Leading businesses through crazy times: tips for servant leaders
Helene Auramo is CEO and Chief Ethical Officer & Co-Founder of Prönö. She is also an entrepreneur and Co-Founder of Slush (Europe’s biggest startup event), Zipipop (the first social media agency in Finland), and Indiedays (the first fashion blogger site in Finland).
It is getting crazier out there, and the business world is expecting even more VUCA: volatility, uncertainty, complexity, and ambiguity. Today, it is evident that leaders need to have several new skills and tactics to deliver organizational growth and persevere through market downturns.
The requirements in today’s business world are almost impossible to handle – both the speed and the changes — first covid, then the war in Ukraine, and even strikes across Finland. We live in a time of uncertainty, and it seems the tension is not going away.
Organizations need to be flexible and fast. Their people need to remain resilient and creative. But how can it be done?
I think today’s new reality requires a humane business approach led by servant leaders.
We need humane businesses. I mean that we simply need to move towards a humane way of doing business that reimagines and rethinks the potential of a business for doing good in the world. Humane businesses focus on creating economic, social, and environmental value for all stakeholders and trying to improve the world through their business practices. These are businesses that serve a purpose, requiring a particular type of leader.
Servant leadership is a leadership philosophy in which the leader’s goal is to serve. A servant–leader focuses on the growth and well-being of people and the communities and societies they belong to. Servant leaders trust employees, empower them and give them the support and tools needed to help them do the best they can in their work.
To lead effectively during crazy times, I have five tips for servant leaders.
1. Put your purpose front and center.
It is impossible to navigate times of uncertainty and storms if you don’t have your purpose, mission, vision, and values clear. They need to be understood by the whole organization in order to move in the same direction.
2. Make sure your team is alright.
Is your team under a lot of stress? How do they cope with working often remotely and by themselves? Listen to them, help them, and give them tools to get the outside help and support they need.
Have 1-to-1 sessions with them more often if you are working digitally.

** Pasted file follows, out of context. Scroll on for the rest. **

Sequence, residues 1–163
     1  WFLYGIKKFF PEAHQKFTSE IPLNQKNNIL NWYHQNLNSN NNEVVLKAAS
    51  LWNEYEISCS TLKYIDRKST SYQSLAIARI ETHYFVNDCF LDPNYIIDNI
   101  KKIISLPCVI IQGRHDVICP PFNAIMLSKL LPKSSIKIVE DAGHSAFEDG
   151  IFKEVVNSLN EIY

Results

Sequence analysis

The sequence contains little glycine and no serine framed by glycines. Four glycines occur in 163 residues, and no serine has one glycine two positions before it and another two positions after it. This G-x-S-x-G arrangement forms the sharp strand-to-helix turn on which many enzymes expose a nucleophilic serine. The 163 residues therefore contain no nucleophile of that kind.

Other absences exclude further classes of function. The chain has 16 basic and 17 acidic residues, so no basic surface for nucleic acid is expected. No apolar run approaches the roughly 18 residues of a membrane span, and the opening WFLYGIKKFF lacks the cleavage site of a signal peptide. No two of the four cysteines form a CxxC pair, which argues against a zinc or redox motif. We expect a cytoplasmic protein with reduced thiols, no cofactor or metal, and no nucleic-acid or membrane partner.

3. Empower people – the new way
Sometimes new perspectives and second opinions can also help.
One approach that I find to be the most exciting and promising is giving employees the freedom to buy advice, coaching, and sparring from top professionals – tools to empower your team. My company Prönö is solving this challenge by giving innovative organizations the tools to offer their employees the freedom to get help from the top professionals in many different fields, including leadership, marketing, communications, sales, sustainability, and coaching.
4. When s*** hits the fan – Utopias might help
Sometimes when things get really hard, the concept of utopias might help. I have learned that every time my business has been in a crisis, something good has actually come out of it. You just need to be creative. Of course, being creative during difficult times is hard, but there are people who can help you. Anna Moilanen is one of them.
Tiketti is a great example. When the pandemic started, it was obvious that the event ticket business would be affected severely. All at once, 90% of revenue was blown away, as the pandemic restrictions hit. What did their CEO Mirva Merimaa do? She asked Anna to help them create utopias.
Sometimes you need new perspectives in order to think totally out of the box, and although you might not change your direction, when you get back from the utopias mindset to your normal business, you can see the path ahead more clearly.
5. Leader, are you ok?
Last but not least: Make sure you are ok. If you are stressed, then you can’t make decisions. Many leaders feel paralyzed, which is normal. Sometimes even just two days off can work miracles – like business coach Sarah Lock once said when I was too stressed and couldn’t make decisions. I managed to take the recommended two days off and was back to the normal me.
Working with an executive coach is also something I highly recommend to everyone serious about being a high performer – in times of crisis and in the good times.